UVA K-12 Advisory Council History

Formed in November 2001, the Council featured 11 founding members (Chesterfield, Fairfax, Hanover, Hopewell, King and Queen, Manassas Park, Orange, Prince Edward, Roanoke City, Staunton, and Virginia Beach).

In the first several months, Council members identified that there were partnership opportunities that existed through the leveraging of the resources at UVA and within the member districts. Two of the more significant accomplishments of the organization have been the Statewide Communities of Practice for Excellence (SCOPE) program and an annual policy summit.

Statewide Communities of Practice for Excellence (SCOPE)

The greatest opportunity for partnerships imagined early on is one that has become the signature project of the Council, the Statewide Communities of Practice for Excellence (SCOPE).  Born out of a recognition that leadership and funding provided previously by the state would not be available to address the increasing challenge of succession management, the founding members committed to the creation of a two-year cohort experience for emerging leaders within their districts.  From SCOPE’s inception, cohort experiences continue to be facilitated by UVA leaders and the content continues to be delivered by Council members and UVA faculty.  The expense of developing these cohorts of promising leaders has been largely absorbed by the participating districts.

The SCOPE program began its nineteenth cohort in September 2023.  Approximately 1000 Virginia school leaders will have graduated from the program at the conclusion of this cohort.  SCOPE graduates have moved into all levels of leadership positions within Virginia school districts, including superintendent roles.

Policy Summits

A more recent and major endeavor by the Council has been the collaboration with the UVA School of Education and Human Development to sponsor annual policy summits. In April 2017 the Council identified the chronic teacher shortage as a topic to examine more deeply through in-depth discussions among concerned stakeholders and to make policy recommendations to address it within the state of Virginia.  Given the success of this first event, the UVA K-12 Advisory Council partnered with the School of Education and Human Development (EDH), the Virginia Office of the Secretary of Education, Virginia Department of Education (VDOE), the Virginia Association of School Superintendents (VASS), and the Virginia Association of Supervision and Curriculum Development (VASCD) to host a series of summits.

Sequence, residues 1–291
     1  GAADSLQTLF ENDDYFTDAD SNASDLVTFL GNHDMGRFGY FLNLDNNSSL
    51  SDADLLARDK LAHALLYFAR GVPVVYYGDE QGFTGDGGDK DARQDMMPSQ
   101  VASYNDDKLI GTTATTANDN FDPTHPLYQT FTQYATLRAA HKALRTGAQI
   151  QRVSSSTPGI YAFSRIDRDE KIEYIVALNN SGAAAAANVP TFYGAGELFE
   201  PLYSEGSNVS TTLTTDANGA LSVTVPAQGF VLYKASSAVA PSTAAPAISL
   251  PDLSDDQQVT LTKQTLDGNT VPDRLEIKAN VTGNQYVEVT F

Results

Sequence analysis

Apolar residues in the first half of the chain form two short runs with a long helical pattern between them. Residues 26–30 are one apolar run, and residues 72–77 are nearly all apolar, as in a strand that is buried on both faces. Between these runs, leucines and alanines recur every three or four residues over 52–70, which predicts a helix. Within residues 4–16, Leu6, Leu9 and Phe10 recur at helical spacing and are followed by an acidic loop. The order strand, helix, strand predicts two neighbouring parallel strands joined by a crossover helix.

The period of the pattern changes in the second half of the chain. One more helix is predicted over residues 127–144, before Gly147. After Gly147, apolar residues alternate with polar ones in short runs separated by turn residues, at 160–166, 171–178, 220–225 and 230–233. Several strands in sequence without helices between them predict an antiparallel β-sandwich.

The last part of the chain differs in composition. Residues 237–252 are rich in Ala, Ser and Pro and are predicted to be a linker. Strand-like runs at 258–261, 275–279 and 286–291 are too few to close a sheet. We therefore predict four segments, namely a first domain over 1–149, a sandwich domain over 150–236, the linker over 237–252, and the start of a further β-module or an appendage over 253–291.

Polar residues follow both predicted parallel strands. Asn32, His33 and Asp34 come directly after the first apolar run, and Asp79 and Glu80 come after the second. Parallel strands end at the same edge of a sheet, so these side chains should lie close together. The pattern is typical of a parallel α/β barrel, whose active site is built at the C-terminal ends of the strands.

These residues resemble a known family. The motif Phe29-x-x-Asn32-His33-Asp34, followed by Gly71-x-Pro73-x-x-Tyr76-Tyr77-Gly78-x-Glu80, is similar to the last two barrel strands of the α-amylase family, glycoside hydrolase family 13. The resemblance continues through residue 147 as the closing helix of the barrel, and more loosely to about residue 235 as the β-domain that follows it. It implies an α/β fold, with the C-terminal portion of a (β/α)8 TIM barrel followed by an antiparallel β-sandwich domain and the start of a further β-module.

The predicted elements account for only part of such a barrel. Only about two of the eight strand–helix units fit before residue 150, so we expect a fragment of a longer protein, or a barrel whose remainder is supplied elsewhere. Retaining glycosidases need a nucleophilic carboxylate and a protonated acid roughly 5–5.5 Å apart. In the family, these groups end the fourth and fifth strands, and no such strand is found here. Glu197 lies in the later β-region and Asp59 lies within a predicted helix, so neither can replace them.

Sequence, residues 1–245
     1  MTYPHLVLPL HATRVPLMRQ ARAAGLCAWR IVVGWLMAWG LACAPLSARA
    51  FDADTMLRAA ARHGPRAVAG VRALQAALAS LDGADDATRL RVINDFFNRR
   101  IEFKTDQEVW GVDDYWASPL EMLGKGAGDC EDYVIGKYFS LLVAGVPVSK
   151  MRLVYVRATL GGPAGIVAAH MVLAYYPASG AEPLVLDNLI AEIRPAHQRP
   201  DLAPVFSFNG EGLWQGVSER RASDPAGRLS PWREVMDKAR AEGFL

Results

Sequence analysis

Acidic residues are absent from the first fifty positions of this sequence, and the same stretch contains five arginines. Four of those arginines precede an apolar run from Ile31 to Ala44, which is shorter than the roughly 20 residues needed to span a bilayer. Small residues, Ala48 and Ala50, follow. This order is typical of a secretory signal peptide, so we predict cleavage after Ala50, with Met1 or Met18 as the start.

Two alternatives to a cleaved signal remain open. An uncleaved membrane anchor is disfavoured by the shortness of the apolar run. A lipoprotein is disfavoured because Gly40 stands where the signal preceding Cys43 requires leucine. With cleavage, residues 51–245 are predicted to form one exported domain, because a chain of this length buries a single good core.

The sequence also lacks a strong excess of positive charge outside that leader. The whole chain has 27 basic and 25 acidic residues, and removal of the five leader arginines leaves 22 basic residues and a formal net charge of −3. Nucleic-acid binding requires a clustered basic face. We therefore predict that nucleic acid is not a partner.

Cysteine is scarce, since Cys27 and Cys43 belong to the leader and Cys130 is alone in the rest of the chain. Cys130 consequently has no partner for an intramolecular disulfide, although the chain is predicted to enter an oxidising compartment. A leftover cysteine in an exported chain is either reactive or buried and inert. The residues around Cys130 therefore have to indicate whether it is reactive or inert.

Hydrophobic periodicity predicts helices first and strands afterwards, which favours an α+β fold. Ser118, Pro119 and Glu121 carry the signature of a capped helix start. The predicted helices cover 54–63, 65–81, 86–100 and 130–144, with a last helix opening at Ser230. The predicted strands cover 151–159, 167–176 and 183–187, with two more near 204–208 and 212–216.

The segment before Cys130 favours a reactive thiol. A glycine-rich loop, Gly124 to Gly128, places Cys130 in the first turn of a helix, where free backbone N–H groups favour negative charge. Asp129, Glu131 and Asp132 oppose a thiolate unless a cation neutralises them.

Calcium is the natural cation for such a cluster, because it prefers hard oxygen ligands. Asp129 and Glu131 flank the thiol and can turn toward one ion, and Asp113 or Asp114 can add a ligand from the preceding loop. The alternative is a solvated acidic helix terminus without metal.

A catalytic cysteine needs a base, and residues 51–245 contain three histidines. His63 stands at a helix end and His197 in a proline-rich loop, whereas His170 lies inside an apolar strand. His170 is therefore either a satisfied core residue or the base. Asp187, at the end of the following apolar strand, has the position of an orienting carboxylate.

The Council has embraced other agendas on a smaller, but equally impactful scale.  Among them have been these: School business officers’ certification in partnership with UVA, VASBO, and VASS; mathematics leadership professional development; instructional coaching academies; Leading from Central Office symposia; and others.  In addition, the Council’s initiatives have been placed on statewide professional association conference agendas, featured before the Virginia General Assembly, and highlighted in presentations with Chinese delegations visiting UVA.  


Council membership has grown steadily since 2001 as invitations have been extended to other districts.  Although the EDH provides administrative support, its founding principle has been that no fee should be assessed a member district.  Rather, if there is a service that the Council offers, then a fee for service would be assessed.  In 2018 the Council began issuing invitations to join the UVA K-12 Advisory Council to all Virginia school superintendents.

At this writing, there are 125 school districts on the UVA K-12 Advisory Council, representing over 1,200,000 (98%) of Virginia’s school children.  The member districts are geographically dispersed across the Commonwealth.  There is a strong mix of large, midsize, small, rural, suburban, and urban districts.  Largely an organization comprised of active school superintendents, there are other district level and school-based leaders involved. In addition, the Council counts as partners several education affiliates, program consultants and emeritus members.  SCOPE graduates are also represented on the Council either as practicing superintendents or as representatives of recent SCOPE cohort graduates. 

Most importantly, the Council counts the Dean of the School of Education and Human Development and its outstanding faculty and staff as our leading partners as we serve alongside one another imagining the possibilities that lie ahead for our collaboration.